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Construction : Cover Story | March 2018 | Source : CW-India

Greenfield cities are overcoming and succeeding challenges on the smart run

While there is a set of 100 Smart Cities under the Ministry of Urban Development (MoUD) mission, there is also the Delhi-Mumbai Industrial Corridor (DMIC) alongside, wherein industrial townships are being developed and further funded under the Department of Commerce.

The idea behind such industrial townships is to grow the manufacturing GDP from 15 per cent to 25 per cent.

Among these greenfield townships - also known as smart cities - along the DMIC route, Dholera is the largest at present, at 900 sq km. 'The budget for
the space is about Rs 3,300 crore, of which we have already issued tenders worth Rs 2,700 crore,' says Jagdish Salgaonkar, Senior Vice President and Program Director for Dholera, AECOM. 'Six large contractors are already on board, actively working on the job site. As for the remaining 30-35 per cent of the work tenders to be floated, the goal is to have these awarded by September 2019.'

'One of the biggest challenges in a greenfield development such as DMIC is land acquisition,' says Alkesh Sharma, CEO & Managing Director, DMICDC. He goes on to list other challenges: When we talk of smart cities, we also want to create a smart institutional mechanism; such that the SPV or company that will manage the city should have enough powers to immediately facilitate the requirement of an investor, whether it is allotment of land, providing water or power connection, etc.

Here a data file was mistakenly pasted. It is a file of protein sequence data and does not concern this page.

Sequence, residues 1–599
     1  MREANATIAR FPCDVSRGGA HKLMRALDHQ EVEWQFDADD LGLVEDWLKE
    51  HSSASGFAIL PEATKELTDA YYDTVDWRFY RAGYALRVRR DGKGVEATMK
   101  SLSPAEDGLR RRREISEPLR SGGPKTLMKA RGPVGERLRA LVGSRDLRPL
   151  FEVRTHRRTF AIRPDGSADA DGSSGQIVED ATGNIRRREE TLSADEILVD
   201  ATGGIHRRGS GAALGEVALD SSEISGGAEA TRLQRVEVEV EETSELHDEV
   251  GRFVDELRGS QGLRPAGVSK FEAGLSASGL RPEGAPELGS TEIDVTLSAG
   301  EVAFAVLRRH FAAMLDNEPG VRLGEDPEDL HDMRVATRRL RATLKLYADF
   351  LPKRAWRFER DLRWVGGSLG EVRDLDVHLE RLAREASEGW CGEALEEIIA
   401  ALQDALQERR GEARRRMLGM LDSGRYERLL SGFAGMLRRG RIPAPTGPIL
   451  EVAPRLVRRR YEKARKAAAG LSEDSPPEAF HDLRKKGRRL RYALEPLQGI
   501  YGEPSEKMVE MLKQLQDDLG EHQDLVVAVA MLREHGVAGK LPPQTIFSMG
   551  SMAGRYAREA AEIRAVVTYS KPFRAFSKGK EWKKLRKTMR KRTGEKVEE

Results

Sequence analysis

There are two types of challenges, adds Salgaonkar, citing the Dholera project as an example: 'The hard engineering type and soft perception public management challenge.'

He adds, 'On the hard side, Dholera is extremely flat low lying land. So building the storm water drainage system was a challenging task. We came up with engineering solutions to build a city centre canal that carries all the water and we are going to harvest all the rainwater into the canal. Then from the soft side, the biggest challenge for any city is getting over the perception of the people that their land will be converted into a city and whether they are getting fair compensation, etc.'

'At present, DMICDC is managing with the funds it has, but it will simultaneously look at innovative funding models besides land monetisation, where land is offered to an industry and the money generated is used for other development', according to Sharma. 'Also, there are activities that can be financed through securitisation by revenues in an escrow mechanism. Then, there are PE funds, pension funds, bonds etc. While we do not really need much funds in 2019, the requirement will arise when we move into the next phase.'

- Shriyal Sethumadhavan & Seraphina d'souza
(With additional inputs from the CW team)


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